Thread Starter 
that is something i've definitely thought about and will check into. The kiln I'm trying to get is very small, about the size of a microwave and will only hold a couple of pieces
post #10 of 15
I just read this and asked BF before he went outside..He said you can run in on the 12 copper wire (we actually run our stove on a smaller wire than we should [whoever wired before we moved in did this]) If you are already having an electrician coming in though to look at everything than his recommendation is to just get the wire changed and the right size just to be safe because like someone else said, if your going to be using it alot there is a risk of it over heating and a fire starting...Or if its going to be like our stove and rarely used (cuz Im never home to cook) you would be fine on the smaller wire!
post #11 of 15
Are you planning to run this kiln on an extension cord or hard wired in? In either case, you should always stick to what the appliance is rated at. If it requires 10 gauge wire, you need to use 10 gauge wire or heavier, but not lighter. Even though you say this kiln is small, you can still start a fire with under rated wiring. The wire can over heat. It is best to stick with the wire that the kiln was rated for. Since it draws 15 amps, most home circuits can handle that. Many appliances, like toaster ovens, draw that much current. However, your kiln will be on and drawing power for a longer period of time, which can cause over heating of under rated wiring, especially if there are any other appliances using the same circuit. With an appliance such as a kiln, I would never use an extension cord. However if you must, make sure the cord is rated higher than what the appliance requires. In this case, I would use 8 gauge or even higher. Never run the appliance off a long extension cord. I am not an electrician, but I do have experience in this field.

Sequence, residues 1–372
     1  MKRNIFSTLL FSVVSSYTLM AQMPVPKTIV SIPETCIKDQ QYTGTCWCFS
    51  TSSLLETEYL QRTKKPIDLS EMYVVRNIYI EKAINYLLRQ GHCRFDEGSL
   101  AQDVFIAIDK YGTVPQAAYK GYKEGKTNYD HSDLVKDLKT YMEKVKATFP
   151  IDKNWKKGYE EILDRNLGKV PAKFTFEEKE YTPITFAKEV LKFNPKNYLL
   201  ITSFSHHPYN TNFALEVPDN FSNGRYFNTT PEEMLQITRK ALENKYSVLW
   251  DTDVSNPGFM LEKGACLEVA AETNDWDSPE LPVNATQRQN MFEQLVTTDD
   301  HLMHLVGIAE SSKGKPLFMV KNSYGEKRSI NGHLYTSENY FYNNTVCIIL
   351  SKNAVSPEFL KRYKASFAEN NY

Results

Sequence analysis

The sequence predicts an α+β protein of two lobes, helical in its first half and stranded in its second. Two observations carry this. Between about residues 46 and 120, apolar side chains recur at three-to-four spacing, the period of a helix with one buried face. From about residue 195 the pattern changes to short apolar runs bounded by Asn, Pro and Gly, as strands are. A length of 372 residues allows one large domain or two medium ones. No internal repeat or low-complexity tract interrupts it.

Just a thought, if your garage has power, it should have it's own breaker and circuit. Check the breaker box in your home, to see if the garage has it's own circuit. I have a detached garage as well that has full power. The garage has it's own breaker box. In my previous home however, the garage had power, but no breaker box inside.
post #12 of 15
Thread Starter 
thank you so much for your responses! My garage definitely does not have its own breaker box but it does have power. The cord that comes with the kiln is the cord I'll be using, no extensions needed, no hard wiring necessary.
post #13 of 15
Thread Starter 
so I called the kiln company and I guess I'm going to put the kiln in my house. I have all the ventilation I need as well as clearance etc. I'll double check with my insurance.....still gotta install that 10 wire.....installing a 10 wire hard? I mean do you HAVE to have an electrician to do it or is it sort of like changing wiring on outlets - where you don't have to have an electrician come over for that.
post #14 of 15
If you know what you are doing my bf said its not hard. He rewired our breaker box and dryer all himself and he is not an electrician..just a handy do it all kinda guy which worked well for us because some idiot put our living room stove and dryer on the same breaker which caused us to end up destroying a brand new dryer in 2 weeks cuz we didnt know this was the situation...He said to google the process of rewiring the kiln so you can get an idea of whether you would be able to handle that process or not.
post #15 of 15
Thread Starter 
thanks will do


now I'm stuck again,

If I'm going to wire a kiln, should I just stick to the small one I was going to get or should I just wire for 208/240V and get a little larger kiln?